Polecats are dark brown in colour with a pale underbelly and brown 'bandit mask' on their faces. They are weasel-like mammals that prefer to be alone and usually come out at night.
Polecats are related to otters and were trapped to near-extermination by gamekeepers and fur trappers in the early 1900s. As a result, they are now listed on Schedule 6 of the Wildlife and Countryside Act 1981, meaning that they are protected from illegal trapping and persecution. Thanks to this protection, the number of polecats has started to increase, especially in Wales and southern and central areas of England.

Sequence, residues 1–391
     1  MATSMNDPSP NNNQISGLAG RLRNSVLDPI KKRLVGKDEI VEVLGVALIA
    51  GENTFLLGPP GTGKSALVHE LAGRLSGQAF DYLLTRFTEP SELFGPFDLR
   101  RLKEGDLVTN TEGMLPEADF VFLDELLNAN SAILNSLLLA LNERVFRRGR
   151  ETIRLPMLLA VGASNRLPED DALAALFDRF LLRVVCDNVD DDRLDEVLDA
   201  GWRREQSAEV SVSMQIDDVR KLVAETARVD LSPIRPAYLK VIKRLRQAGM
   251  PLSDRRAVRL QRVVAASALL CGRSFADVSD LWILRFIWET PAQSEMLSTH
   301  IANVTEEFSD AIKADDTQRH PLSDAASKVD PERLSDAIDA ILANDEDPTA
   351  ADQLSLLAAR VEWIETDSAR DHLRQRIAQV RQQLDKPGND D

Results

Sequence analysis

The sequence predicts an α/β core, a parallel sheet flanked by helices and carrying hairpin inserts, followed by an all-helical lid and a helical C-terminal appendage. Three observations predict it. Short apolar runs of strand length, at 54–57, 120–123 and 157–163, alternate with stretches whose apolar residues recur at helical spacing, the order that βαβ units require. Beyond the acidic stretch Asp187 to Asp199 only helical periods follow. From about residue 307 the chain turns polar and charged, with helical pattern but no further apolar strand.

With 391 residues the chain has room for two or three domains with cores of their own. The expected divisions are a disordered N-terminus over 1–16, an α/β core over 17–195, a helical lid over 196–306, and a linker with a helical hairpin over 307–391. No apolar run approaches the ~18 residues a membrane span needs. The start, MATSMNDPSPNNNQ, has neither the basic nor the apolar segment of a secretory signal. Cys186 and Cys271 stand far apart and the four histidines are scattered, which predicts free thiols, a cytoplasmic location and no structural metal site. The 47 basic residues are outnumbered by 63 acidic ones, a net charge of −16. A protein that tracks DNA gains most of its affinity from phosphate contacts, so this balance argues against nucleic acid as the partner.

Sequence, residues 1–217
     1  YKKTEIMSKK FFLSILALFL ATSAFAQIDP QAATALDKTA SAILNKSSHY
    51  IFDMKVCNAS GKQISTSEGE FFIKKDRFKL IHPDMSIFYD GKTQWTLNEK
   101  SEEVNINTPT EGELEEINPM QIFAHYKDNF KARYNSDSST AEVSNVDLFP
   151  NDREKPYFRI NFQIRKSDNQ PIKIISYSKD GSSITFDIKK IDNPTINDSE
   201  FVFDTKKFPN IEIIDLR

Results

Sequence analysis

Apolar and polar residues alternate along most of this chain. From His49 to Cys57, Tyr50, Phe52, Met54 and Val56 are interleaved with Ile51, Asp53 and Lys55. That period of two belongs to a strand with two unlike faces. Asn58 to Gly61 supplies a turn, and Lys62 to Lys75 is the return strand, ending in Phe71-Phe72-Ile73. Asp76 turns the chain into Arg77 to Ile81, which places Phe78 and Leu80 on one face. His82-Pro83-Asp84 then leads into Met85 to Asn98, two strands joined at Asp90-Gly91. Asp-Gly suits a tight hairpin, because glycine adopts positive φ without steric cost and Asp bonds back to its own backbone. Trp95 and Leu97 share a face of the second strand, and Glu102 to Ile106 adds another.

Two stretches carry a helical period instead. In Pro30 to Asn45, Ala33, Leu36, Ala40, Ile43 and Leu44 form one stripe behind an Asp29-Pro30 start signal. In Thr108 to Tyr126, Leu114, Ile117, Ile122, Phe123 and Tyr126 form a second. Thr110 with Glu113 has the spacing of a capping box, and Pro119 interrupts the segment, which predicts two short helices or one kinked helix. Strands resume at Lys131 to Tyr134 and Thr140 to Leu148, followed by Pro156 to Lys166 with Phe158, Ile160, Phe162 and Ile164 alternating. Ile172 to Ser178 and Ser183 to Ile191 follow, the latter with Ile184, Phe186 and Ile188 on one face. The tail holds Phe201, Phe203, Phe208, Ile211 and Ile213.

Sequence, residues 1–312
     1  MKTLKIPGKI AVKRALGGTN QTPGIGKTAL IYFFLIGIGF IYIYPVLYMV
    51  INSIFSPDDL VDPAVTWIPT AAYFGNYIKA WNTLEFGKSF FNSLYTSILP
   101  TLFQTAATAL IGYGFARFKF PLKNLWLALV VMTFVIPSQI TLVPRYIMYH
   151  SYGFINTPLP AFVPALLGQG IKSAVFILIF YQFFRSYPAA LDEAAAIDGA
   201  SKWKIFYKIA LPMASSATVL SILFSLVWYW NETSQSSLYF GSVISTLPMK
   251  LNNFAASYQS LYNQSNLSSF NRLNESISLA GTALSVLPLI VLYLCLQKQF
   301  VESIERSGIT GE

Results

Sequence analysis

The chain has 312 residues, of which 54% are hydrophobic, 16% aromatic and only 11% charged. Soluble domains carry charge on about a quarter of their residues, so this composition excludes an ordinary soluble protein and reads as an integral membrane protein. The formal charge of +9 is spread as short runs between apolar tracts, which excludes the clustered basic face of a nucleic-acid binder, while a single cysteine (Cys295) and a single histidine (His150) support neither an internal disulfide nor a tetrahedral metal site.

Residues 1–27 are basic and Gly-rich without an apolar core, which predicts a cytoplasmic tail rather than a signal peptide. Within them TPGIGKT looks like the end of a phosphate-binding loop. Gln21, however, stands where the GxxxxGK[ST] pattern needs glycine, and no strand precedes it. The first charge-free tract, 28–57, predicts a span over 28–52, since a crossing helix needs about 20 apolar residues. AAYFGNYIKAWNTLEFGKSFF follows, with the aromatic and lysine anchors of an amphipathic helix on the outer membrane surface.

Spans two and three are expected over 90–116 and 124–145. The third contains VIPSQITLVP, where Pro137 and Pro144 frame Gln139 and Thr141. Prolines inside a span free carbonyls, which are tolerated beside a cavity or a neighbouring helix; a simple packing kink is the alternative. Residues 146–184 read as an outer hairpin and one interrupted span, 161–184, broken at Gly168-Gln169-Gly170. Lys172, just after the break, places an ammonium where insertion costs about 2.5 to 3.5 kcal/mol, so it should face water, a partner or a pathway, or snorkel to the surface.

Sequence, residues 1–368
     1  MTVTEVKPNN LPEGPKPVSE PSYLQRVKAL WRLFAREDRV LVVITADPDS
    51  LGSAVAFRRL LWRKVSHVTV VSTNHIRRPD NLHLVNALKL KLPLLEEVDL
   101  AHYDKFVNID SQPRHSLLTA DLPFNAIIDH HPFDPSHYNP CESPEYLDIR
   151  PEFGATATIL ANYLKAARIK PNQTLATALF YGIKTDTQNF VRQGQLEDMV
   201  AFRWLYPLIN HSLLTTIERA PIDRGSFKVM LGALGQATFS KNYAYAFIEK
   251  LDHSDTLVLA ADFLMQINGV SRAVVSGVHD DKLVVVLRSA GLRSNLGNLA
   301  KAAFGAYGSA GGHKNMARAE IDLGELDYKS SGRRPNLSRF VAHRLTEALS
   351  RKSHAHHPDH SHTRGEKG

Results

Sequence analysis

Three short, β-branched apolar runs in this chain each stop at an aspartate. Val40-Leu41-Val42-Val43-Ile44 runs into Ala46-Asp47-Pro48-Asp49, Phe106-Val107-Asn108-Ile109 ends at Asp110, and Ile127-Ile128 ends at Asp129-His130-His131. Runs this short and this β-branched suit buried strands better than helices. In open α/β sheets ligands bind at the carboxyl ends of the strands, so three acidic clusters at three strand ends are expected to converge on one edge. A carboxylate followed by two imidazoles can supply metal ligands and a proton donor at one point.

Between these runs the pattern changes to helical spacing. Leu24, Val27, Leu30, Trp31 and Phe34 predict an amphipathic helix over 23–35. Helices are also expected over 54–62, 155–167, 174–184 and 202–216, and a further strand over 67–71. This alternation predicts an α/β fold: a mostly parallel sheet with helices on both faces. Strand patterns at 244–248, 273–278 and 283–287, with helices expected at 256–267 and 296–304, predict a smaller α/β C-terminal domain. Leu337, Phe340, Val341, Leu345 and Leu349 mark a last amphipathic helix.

Polecats are notoriously hard to track, as they do not leave many distinctive signs and often get confused with minks or ferrets. They grow between 30cm-40cm in the body. They feed mainly on rabbits, but there is a plentiful supply of other prey available in the range of habitats along the waterways, including frogs and toads.
Although polecats can make their own dens, they tend to use existing sites such as rabbit burrows and log piles. Polecats are often found in woodlands and hedgerows. The waterways offer a huge variety of well-protected habitats and safe passage through the landscape for this elusive creature.
Last date edited: 16 November 2020